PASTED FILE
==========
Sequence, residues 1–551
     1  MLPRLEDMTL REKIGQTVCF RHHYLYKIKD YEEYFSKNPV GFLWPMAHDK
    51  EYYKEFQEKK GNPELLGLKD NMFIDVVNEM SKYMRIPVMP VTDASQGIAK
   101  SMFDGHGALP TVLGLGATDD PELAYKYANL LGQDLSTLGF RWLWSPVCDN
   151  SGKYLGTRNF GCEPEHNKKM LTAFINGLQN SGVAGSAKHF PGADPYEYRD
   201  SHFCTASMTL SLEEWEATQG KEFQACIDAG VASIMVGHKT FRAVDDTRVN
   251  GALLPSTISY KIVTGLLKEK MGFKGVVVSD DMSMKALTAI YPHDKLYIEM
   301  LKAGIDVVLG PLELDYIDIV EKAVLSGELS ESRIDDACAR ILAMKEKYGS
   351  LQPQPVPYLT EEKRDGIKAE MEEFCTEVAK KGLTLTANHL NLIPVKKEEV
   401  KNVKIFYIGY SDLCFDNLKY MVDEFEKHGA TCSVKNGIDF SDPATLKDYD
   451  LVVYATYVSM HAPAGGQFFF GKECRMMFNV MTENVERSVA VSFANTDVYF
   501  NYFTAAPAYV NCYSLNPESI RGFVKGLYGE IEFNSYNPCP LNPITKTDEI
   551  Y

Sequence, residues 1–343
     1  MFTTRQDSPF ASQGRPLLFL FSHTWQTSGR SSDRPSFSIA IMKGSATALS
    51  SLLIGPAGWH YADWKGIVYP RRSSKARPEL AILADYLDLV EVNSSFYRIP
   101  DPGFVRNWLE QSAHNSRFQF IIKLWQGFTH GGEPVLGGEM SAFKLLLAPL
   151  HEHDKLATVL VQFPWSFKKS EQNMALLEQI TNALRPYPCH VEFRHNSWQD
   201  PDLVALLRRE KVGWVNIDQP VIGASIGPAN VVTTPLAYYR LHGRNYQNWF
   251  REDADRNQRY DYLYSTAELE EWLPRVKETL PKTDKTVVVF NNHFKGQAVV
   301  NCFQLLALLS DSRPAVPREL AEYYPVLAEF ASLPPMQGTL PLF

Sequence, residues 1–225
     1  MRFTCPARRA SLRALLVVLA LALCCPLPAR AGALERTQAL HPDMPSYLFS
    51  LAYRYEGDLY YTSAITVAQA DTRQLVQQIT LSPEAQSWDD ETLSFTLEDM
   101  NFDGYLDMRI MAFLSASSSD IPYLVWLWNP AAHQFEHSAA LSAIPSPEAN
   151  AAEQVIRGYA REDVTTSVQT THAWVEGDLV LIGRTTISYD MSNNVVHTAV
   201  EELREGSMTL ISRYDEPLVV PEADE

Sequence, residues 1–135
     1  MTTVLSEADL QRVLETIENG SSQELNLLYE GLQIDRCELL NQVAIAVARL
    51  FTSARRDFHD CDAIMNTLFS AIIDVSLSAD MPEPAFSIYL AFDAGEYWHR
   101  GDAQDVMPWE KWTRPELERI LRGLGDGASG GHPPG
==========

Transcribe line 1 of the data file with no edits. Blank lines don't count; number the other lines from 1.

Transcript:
Sequence, residues 1–551